The Young and Prodigious T.S. Spivet
T.S. Spivet is a messy, warm comedy about grief, family and imagination. It's also ironically about being seen and rarely heard.
One of the most boring experiences on Earth is a trash movie without the courage of its lack of convictions. If it only wants to be cynical, it becomes lifeless in every moment - a bad dream on the screen. One of the pleasures of the movies, however, is to find a movie that chooses a disreputable genre and then tries with all its might to transcend the genre, to go over the top into some kind of artistic vision, however weird.
Stuart Gordon's "Re-Animator" is a pleasure like that, a frankly gory horror movie that finds a rhythm and a style that make it work in a cockeyed, offbeat sort of way. It's charged up by the tension between the director's desire to make a good movie, and his realization that few movies about mad scientists and dead body parts are ever likely to be very good. The temptation is to take a camp approach to the material, to mock it, as Paul Morrissey did in "Andy Warhol's Frankenstein." Gordon resists that temptation, and creates a livid, bloody, deadpan exercise in the theater of the undead.
Seeing this movie at the Cannes Film Festival last May, I walked in with no particular expectations, except that I hoped "Re-Animator" would be better than the festival's run-of-the-mill exploitation films. I walked out somewhat surprised and reinvigorated (if not re-animated) by a movie that had the audience emitting taxi whistles and wild goat cries. In its own way, on its own terms, in its corrupt genre, this movie worked as well as any other movie in the festival.
I was reminded of Pauline Kael's sane observation: "The movies are so rarely great art, that if we can't appreciate great trash, there is little reason for us to go."
The movie's story involves . . . but why bother? You have seen the ads, in which the hero is described as having a good head on his shoulders, and another one in the laboratory dish in front of him. That more or less captures the essence of "Re-Animator." Driven by an insane desire to vindicate himself by creating living beings out of dead body parts, a scientist uses his intelligence to burrow more and more deeply into sheer madness.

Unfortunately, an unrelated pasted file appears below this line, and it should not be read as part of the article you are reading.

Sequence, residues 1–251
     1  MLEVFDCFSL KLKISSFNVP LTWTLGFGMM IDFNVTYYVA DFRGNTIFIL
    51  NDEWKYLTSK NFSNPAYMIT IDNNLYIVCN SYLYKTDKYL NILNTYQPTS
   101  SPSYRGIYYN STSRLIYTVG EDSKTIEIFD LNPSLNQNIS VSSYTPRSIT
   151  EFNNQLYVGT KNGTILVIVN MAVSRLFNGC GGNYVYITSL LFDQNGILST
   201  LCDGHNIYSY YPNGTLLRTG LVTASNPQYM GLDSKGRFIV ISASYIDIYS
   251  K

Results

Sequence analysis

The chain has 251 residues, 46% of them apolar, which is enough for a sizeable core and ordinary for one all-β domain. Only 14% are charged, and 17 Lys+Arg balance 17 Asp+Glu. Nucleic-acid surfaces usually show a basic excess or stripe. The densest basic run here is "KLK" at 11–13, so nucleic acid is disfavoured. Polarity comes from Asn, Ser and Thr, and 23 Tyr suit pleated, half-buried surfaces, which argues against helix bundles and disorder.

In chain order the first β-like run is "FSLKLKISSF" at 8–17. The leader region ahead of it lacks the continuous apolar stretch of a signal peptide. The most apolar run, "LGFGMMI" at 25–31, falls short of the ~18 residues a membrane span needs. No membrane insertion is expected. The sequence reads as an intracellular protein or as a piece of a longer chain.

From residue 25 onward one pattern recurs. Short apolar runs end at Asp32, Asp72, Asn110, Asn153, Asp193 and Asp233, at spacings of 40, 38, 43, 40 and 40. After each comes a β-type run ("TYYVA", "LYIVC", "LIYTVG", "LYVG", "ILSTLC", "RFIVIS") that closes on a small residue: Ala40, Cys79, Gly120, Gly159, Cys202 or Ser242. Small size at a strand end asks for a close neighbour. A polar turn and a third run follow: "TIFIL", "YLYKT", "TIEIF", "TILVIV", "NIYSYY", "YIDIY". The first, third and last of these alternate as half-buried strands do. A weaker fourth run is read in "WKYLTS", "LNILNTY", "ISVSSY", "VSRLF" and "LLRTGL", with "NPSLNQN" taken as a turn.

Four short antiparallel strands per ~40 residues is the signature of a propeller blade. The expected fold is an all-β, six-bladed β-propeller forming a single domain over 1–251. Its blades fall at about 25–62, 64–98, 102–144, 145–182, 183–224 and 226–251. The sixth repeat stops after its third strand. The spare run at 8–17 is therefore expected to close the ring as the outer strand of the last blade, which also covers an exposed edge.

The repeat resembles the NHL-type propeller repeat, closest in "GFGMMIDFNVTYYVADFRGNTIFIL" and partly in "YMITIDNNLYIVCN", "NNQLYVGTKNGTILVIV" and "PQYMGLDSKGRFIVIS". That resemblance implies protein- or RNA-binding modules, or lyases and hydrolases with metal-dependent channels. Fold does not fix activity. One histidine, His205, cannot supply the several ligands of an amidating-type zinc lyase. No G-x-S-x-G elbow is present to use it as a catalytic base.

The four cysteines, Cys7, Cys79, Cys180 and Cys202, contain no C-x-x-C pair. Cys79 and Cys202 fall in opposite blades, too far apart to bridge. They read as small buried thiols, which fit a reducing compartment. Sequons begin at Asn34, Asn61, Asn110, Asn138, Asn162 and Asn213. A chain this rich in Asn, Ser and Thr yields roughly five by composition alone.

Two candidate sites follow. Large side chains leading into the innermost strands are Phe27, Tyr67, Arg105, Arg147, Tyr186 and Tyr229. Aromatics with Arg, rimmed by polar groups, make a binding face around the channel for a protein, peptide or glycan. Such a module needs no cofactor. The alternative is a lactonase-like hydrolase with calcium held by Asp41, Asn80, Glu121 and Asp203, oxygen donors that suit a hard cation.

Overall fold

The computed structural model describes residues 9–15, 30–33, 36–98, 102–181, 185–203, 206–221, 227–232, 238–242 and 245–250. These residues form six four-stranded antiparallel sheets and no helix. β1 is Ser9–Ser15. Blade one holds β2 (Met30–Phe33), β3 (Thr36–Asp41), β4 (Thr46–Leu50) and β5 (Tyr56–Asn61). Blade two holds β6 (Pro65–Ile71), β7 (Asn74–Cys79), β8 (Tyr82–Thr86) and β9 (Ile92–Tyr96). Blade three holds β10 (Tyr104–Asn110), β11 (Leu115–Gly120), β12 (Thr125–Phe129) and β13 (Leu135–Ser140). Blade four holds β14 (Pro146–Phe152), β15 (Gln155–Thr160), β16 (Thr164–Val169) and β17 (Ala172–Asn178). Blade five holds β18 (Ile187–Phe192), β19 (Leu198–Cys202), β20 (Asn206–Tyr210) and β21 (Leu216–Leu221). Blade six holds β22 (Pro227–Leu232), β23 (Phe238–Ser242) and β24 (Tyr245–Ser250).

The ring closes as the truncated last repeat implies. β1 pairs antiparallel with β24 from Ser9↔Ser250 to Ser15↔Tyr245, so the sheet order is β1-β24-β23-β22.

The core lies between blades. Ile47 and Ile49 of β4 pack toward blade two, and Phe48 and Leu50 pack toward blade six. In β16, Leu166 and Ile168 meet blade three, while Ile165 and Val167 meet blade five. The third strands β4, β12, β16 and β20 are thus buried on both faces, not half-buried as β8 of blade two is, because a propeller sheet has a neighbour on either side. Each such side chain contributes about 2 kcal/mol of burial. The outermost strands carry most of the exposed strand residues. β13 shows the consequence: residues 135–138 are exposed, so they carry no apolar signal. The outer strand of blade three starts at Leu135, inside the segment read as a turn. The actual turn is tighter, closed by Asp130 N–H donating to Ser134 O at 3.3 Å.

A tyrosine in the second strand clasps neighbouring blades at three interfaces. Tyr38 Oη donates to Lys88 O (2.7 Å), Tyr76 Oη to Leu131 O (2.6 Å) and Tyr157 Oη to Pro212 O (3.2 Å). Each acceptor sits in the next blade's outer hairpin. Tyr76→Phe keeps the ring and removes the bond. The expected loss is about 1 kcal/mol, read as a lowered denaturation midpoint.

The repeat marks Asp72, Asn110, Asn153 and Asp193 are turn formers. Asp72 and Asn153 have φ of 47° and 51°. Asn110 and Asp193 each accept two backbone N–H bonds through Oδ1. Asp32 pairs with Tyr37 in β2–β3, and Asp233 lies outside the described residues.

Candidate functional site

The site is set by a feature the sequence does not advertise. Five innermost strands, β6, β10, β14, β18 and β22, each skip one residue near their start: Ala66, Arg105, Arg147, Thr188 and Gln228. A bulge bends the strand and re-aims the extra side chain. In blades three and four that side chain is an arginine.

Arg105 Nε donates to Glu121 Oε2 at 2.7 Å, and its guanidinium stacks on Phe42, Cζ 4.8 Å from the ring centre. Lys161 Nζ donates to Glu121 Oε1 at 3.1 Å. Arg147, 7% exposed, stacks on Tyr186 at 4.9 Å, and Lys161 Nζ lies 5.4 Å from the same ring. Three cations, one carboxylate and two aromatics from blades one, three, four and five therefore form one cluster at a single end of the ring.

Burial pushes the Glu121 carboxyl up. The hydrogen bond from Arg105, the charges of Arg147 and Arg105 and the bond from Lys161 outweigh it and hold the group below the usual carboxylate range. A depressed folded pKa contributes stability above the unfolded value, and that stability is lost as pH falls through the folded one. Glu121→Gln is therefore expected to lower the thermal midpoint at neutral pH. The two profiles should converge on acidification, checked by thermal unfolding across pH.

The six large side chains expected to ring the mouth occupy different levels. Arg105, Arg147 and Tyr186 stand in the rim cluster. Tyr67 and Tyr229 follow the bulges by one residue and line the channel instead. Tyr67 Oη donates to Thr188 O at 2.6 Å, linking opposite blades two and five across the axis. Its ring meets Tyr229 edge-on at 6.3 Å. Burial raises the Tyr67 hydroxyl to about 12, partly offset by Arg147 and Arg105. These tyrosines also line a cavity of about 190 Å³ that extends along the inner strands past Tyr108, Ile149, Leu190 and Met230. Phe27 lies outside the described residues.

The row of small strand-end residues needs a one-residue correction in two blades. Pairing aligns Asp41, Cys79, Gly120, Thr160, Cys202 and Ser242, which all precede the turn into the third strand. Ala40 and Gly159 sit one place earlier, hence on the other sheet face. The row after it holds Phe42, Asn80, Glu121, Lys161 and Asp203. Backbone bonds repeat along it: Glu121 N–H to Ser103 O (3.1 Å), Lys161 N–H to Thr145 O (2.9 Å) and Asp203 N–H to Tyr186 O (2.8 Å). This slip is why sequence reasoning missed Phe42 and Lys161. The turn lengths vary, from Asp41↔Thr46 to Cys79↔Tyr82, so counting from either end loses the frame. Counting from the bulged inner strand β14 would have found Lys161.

Gordon's direction, and particularly his use of special effects, will come as no surprise to anyone who saw his famous "Warp" trilogy onstage. He borrows from the traditions of comic-book art and B-grade thrillers, using his special effects not as set pieces for us to study, but as dazzling throwaways as the action hurtles ahead. By the end of the film, we are keenly aware that nothing of consequence has happened, but so what? We have been assaulted by a lurid imagination, amazed by unspeakable sights, blind-sided by the movie's curiously dry sense of humor. I guess that's our money's worth.
(NOTE: "Re-Animator" has been released in two different versions: a 95-minute R-rated cut and an 86-minute unrated cut.)
This message came to me from a reader named Peter Svensland. He and a fr...
An obituary for wrestler and actor "Rowdy" Roddy Piper.
A review of Netflix's totally ridiculous but kind of amazing "Wet Hot American Summer: First Day of Camp."
An interview with Jason Segel, star of "The End of the Tour."